Pence awarded prestigious UNESCO Chair

- Patty Pitts

For many years, University of Victoria child and youth care professor Alan Pence has researched and advocated for improving educational opportunities for early childhood development leaders in Sub-Saharan Africa.

Now those efforts will be bolstered by Pence’s appointment as UNESCO Chair in Early Childhood Care, Education and Development, one of only six in Canada (all focusing on different topics) and the only one in Western Canada. Pence feels the renewable three-year term appointment will help him attract additional funds for research and development in Africa.

“The chair will not result in a change in the direction of my work, but it’s recognition and support for the work we’ve done,” says Pence. The focus of his appointment will primarily be the 14 African countries involved in the Early Childhood Development Virtual University (ECDVU), which Pence developed. Since its inception in 2000, 50 students have completed either its master’s or one-year post-graduate professional specialization certificate and another 25 are anticipated in the certificate program in 2009/10.

“Through a combination of face-to-face meetings and online learning, all the students stay employed in their countries, so there has been virtually no brain drain,” says Pence, “and the vast majority of the graduates stay in the area of child and family development.”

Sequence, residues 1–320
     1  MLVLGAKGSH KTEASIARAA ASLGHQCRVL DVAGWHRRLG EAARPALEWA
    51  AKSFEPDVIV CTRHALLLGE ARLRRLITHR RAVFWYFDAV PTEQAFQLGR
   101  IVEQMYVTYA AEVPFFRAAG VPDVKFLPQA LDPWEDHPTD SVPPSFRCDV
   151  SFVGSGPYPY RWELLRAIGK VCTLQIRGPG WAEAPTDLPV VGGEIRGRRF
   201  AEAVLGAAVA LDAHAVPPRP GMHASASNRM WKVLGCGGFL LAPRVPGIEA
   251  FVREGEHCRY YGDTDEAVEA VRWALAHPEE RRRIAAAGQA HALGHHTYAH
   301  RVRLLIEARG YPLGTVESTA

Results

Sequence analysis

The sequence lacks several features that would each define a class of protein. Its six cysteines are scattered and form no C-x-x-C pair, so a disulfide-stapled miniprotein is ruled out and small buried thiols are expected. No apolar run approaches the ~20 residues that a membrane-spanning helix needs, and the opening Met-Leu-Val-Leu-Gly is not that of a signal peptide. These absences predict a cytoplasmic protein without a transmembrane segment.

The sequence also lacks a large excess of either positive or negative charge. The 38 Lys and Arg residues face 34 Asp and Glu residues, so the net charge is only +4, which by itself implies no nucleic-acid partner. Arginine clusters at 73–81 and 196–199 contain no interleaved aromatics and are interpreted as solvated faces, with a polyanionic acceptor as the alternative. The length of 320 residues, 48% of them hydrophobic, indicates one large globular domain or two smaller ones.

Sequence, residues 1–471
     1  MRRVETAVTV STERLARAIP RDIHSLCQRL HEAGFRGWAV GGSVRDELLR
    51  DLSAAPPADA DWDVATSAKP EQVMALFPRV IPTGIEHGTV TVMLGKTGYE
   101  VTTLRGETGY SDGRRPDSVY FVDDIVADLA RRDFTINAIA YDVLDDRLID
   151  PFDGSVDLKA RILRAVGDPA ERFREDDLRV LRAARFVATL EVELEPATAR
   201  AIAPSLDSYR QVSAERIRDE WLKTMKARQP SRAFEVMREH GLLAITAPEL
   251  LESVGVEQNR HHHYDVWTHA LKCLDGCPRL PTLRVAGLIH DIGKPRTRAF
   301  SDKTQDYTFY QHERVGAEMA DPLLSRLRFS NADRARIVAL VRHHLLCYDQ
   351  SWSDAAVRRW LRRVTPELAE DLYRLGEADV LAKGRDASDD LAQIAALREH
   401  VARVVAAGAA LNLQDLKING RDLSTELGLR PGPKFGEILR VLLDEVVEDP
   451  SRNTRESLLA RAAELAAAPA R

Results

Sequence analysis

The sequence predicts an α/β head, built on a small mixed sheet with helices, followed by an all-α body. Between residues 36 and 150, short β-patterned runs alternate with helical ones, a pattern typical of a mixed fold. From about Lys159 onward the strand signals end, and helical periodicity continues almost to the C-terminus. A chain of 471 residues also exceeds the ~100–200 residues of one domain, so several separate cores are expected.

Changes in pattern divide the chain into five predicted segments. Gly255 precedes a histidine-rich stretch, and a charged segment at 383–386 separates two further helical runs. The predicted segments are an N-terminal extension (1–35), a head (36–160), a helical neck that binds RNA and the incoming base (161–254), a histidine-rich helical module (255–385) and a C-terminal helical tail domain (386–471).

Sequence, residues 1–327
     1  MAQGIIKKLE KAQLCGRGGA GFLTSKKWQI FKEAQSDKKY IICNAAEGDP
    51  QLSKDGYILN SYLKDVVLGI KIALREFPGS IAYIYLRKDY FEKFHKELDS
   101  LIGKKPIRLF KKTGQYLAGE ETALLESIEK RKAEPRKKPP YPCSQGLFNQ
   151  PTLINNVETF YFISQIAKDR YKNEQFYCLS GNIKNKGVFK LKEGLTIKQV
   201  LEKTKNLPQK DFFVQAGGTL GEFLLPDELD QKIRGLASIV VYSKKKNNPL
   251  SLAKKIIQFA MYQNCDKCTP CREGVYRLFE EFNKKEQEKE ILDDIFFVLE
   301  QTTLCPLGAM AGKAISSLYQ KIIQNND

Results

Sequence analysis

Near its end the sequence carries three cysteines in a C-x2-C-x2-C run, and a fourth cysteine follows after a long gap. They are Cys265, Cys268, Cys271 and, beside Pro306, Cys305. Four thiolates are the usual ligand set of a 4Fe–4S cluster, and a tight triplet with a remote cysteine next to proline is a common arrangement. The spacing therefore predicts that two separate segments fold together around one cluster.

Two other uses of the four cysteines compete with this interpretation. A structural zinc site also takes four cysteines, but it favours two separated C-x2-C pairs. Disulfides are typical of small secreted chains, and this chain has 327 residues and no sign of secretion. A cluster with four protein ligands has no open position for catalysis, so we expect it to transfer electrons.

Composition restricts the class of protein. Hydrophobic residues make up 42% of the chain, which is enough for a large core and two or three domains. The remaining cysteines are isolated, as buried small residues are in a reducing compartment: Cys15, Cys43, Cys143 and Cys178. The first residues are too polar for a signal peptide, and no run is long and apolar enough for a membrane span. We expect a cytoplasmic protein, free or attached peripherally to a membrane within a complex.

A key facet of the ECDVU is the incorporation of African perspectives and knowledge about early childhood development into the program’s curriculum. The domination of Euro-Western beliefs in this area throughout the world has recently become of concern to the Society for Research in Child Development (SRCD), the pre-eminent academic association in the field. It’s why the society agreed to support a proposal from Pence and University of South Florida colleague Dr. Kofi Marfo for a symposium to be held Feb. 5 at UVic. Pence notes that the symposium, “Strengthening Africa’s Contributions to Child Development Research,” will bring some of the world’s most respected child developmentalists to campus for several days of planning and a public symposium day of presentations and discussion.

Pence says the symposium complements the UNESCO chair position and will form the basis for additional symposia and conferences to take place in Sub-Saharan Africa.

On the following day, Feb. 6, many of the same experts will join affiliates of the Human Early Learning Partnership (HELP)—an interdisciplinary research network of faculty, researchers and graduate students from BC universities—for a day of presentations and discussions on international child development research.

More information about the Feb. 5 and Feb. 6 events:


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Keywords: pence, awarded, unesco, chair

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